Cauliflower can be roasted, boiled, fried, steamed, or eaten raw. Steaming or microwaving better preserves anticancer compounds than boiling. When cooking, the outer leaves and thick stalks are removed, leaving only the florets. The leaves are also edible, but are most often discarded. The florets should be broken into similar-sized pieces so they are cooked evenly. After eight minutes of steaming, or five minutes of boiling, the florets should be soft, but not mushy (depending on size). Stirring while cooking can break the florets into smaller, uneven pieces.
Low carbohydrate dieters can use cauliflower as a reasonable substitute for potatoes or rice; while they can produce a similar texture, or mouth feel, they lack the starch of the originals.

 

Fall Harvest: Broccoli

September 24, 2013 at 7:40 AM | Posted in vegetables | 1 Comment
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Broccoli

 

Broccoli can be grown year-round in temperate climates so we’ve forgotten it even has a season. It is more sweet, less bitter and sharp when harvested in the cooler temperatures of fall in most climates.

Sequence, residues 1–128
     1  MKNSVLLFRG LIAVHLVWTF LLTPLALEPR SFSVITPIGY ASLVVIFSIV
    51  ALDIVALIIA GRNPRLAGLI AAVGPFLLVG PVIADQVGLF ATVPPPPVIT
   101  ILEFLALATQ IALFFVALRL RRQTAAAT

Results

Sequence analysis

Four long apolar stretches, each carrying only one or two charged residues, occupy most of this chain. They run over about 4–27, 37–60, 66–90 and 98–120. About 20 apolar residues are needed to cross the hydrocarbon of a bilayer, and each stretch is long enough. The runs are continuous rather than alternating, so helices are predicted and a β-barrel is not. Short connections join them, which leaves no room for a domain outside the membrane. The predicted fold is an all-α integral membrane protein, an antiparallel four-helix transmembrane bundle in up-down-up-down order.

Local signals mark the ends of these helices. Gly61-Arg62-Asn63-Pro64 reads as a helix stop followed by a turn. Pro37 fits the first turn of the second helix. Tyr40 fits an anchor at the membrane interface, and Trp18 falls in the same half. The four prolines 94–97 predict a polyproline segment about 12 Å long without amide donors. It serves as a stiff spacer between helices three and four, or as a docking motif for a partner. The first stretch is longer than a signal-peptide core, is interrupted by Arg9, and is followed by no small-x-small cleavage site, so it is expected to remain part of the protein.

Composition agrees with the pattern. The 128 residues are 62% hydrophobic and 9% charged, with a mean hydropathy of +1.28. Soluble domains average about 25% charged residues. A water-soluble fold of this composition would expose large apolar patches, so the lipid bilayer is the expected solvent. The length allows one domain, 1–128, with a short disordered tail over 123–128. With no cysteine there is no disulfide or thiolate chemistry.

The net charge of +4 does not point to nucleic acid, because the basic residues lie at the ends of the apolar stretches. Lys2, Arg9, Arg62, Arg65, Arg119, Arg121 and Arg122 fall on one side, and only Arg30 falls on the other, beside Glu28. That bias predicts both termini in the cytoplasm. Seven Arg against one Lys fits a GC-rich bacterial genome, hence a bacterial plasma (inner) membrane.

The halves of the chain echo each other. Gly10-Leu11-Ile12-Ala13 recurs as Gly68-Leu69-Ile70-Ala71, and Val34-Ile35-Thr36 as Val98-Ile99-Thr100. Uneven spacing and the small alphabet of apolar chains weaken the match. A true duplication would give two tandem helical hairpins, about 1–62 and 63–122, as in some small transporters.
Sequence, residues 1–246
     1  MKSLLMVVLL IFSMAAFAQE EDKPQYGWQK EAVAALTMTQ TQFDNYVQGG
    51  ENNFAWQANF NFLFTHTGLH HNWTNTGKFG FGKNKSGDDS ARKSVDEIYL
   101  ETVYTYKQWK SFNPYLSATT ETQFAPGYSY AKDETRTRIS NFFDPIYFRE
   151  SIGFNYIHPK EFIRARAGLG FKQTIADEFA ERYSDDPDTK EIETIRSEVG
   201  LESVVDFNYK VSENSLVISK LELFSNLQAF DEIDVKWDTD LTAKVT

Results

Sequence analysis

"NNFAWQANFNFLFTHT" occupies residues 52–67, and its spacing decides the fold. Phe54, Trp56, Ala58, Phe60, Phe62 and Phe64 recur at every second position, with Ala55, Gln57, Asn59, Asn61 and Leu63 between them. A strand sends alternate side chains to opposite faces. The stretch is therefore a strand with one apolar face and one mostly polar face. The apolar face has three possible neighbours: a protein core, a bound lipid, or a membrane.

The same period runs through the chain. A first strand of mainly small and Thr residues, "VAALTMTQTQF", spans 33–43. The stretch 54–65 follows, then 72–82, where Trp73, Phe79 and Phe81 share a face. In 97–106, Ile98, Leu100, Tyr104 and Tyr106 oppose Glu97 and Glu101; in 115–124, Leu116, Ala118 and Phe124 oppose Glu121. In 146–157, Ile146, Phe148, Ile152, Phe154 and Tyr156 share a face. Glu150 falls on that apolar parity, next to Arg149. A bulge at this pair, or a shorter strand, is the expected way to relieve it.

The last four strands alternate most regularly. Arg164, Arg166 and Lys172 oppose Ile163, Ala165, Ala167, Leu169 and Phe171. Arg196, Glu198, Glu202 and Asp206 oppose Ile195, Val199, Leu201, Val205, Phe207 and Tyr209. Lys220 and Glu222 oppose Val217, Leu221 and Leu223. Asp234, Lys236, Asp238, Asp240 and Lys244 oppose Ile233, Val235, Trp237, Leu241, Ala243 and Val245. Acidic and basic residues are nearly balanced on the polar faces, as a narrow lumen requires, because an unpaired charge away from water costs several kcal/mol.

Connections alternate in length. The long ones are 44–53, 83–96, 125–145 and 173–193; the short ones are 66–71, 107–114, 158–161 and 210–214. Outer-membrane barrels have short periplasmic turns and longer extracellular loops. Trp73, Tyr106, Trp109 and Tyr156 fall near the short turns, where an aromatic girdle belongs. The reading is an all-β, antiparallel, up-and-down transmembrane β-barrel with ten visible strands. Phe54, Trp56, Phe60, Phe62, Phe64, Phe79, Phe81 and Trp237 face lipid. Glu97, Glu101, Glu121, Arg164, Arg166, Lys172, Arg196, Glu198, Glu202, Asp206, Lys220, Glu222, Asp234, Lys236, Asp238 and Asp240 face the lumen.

Broccoli is an edible green plant in the cabbage family, whose large flower head is used as a vegetable. The word broccoli, from the Italian plural of broccolo, refers to “the flowering top of a cabbage”. Broccoli is usually boiled or steamed but may be eaten raw and has become popular as a raw vegetable in hors d’œuvre trays. The leaves may also be eaten.
Broccoli is classified in the Italica cultivar group of the species Brassica oleracea. Broccoli has large flower heads, usually green in color, arranged in a tree-like structure on branches sprouting from a thick, edible stalk. The mass of flower heads is surrounded by leaves. Broccoli most closely resembles cauliflower, which is a different cultivar group of the same species.
Broccoli is a result of careful breeding of cultivated leafy cole crops in the Northern Mediterranean in about the 6th century BC. Since the Roman Empire, broccoli has been considered a uniquely valuable food among Italians. Broccoli was brought to England from Antwerp in the mid-18th century by Peter Scheemakers. Broccoli was first introduced to the United States by Italian immigrants but did not become widely known there until the 1920s.